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Made this for Christmas together with friends. It was great !Wondering if the cauliflower can be replaced by sweet corn next time
Hi, Neh! Emma here, managing editor. Sure! You could do this with sweet corn. Why not?! I’d cook the sweet corn first and cut the kernels off the cob. I’m not sure how many cups of kernels you’d need. Maybe three or four cups? Just keep adding until the pan looks as filled as it did when you made it with cauliflower. Give it a try and let us now how it works out!
Is there a way to make this a few hours ahead of serving time and bake it right before dinner?
Hi Pauline, sure, you could easily do this.
Exactly what I was looking for today! Will cook it tonight. Love your blog. It’s my go-to when I need ideas or advice. Thank you Elise.
I tried this tonight and I followed the recipe to the letter and it came out great. I can see using different cheeses to mix it up a bit, and I may try it with Panko bread crumbs next time, but man! This was really good!
I’d like to make all or part of this ahead for tomorrow’s Easter dinner. Can I and how?
Hi Ann, if I were to make this ahead, I would go all the way through to assembly before baking. Then the day of I would bake the gratin, toast the breadcrumbs, then finish the gratin with toasted breadcrumbs.
Would using regular Swiss, or maybe a mixture of Swiss and Gruyere (or Gruyere and Parmesan?), make a pale imitation of the dish? I’m sure all Gruyere would be nutty and deep in flavor, but not sure how much would change using a different, but similar, cheese. Thanks. Love cauliflower and this sound and looks wonderful!
Hi Arcey, I think as long as you are using a cheese whose flavor you love, it will work. Gruyere is such a wonderful cheese, but it is on the expensive side. I could see mixing it with Swiss or with Parm. You could probably also make this with cheddar.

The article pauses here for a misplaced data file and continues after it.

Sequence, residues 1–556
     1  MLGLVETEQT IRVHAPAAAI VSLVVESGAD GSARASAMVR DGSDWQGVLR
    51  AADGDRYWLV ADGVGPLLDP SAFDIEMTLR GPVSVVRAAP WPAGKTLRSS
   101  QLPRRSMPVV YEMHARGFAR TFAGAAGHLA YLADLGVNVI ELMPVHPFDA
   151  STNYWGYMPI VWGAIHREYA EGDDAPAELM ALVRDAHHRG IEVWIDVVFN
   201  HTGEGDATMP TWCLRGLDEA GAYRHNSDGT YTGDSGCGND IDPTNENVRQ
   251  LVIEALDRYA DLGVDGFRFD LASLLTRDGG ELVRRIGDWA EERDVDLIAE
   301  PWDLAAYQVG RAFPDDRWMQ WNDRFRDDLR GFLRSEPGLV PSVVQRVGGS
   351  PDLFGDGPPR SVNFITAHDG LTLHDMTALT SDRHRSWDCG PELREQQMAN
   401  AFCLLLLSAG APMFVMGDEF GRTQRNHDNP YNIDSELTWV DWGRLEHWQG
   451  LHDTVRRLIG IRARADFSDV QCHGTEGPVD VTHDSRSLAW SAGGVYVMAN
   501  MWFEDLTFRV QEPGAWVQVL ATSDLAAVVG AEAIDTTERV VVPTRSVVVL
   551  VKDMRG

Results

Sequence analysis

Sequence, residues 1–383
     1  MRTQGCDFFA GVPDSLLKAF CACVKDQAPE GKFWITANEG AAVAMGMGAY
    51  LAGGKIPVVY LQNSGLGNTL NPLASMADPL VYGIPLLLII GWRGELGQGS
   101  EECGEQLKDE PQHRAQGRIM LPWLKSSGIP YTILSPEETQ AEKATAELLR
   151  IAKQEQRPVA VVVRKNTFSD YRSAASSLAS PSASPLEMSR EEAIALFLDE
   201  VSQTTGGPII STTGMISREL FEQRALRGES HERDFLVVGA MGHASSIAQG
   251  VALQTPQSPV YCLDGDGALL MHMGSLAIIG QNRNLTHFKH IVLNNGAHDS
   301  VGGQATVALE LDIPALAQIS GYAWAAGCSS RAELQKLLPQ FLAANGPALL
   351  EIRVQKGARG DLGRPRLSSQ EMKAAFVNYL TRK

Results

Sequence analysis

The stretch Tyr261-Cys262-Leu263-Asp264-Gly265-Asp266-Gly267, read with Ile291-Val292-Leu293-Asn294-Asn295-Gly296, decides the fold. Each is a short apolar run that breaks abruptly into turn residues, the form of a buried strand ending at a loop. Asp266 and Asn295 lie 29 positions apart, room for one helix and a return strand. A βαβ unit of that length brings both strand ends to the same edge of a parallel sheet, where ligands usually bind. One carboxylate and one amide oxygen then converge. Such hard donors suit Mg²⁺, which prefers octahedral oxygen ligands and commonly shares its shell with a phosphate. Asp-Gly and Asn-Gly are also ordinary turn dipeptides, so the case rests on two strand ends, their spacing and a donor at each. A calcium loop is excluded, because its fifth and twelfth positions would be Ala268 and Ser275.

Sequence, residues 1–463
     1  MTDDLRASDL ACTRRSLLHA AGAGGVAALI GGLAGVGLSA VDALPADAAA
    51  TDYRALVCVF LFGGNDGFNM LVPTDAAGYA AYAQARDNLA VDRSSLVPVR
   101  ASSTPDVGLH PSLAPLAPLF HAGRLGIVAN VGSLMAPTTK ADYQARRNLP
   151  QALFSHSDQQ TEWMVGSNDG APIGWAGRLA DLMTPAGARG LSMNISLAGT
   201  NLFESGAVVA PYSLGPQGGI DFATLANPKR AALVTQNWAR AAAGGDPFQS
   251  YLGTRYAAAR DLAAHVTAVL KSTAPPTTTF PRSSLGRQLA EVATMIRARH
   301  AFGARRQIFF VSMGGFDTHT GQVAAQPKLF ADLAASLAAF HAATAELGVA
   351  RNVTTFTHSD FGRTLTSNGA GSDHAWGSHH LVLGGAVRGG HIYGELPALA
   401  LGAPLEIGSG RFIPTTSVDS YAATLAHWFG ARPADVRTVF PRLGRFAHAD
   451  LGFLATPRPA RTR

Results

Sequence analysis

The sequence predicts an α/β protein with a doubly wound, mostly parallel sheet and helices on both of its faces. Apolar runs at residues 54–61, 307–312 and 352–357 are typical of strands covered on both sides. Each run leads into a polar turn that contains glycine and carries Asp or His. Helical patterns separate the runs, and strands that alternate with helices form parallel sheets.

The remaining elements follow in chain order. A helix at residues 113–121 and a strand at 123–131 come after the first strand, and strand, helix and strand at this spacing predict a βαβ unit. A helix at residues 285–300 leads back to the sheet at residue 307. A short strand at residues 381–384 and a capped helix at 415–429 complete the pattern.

I was trying not to sound too cheap, but yes, my reason for the question is that Gruyere is so pricey! :)
Again an awesome recipe. Before my family was home my neighbor came by……..she took half of this dish. Said it was awesome. SO, I suppose I should make more!
Elsie: I made this dish for Easter dinner for a family member who has Autism. For years I have prepared meals and unless I ask “how was dinner”? he doesn’t make comments. However, this dish, your creation, my cooking, caused the biggest conversation. Simply put, he said, “This is excellent” My son looked at me immediately and smiled. Our relative has never expressed enjoyment about a meal. Today almost made me cry at the table. This says volumes …..thank you for your time with all the recipes. I have a bit of hope that maybe the next meal will cause this person to say more remarkable comments.
Thanks for all the great recipes. I enjoy your blog so keep them coming. The banana bread really is the best. I used another recipe for years and since I tried yours I’ve switched for good. It’s great. Thanks again.
You’re very welcome Brooklyn Girl!
I, too, adore cauliflower and only yesterday made a gratin (without leeks), using cheddar cheese. Unfortunately, the bechamel fell apart while baking, leaving a gooey, greasy mess. Is there any way to avoid this or to fix it if it does happen? I also like to toast breadcrumbs in a mixture of butter and lemon juice, and sprinkle liberally over steamed, lightly salted cauliflower – no baking, just quick, simple and yummy!
Hi Arlene, it may have something to do with the cheese. Cheddar tends to separate. I looked up the issue online and found some useful advice here: http://www.chowhound.com/post/mac-cheese-sauce-separate-362646?page=2 A couple bits: Simmer the bechamel a couple minutes before adding the cheese, and whisk vigorously. Take the pot off the heat before adding the cheese, or use a very low heat. Add a little extra fat like a few tablespoons of cream. Use younger, less sharp cheese, a mild cheddar instead of sharp cheddar. Add a little mustard to the sauce, which can act as a stabilizer.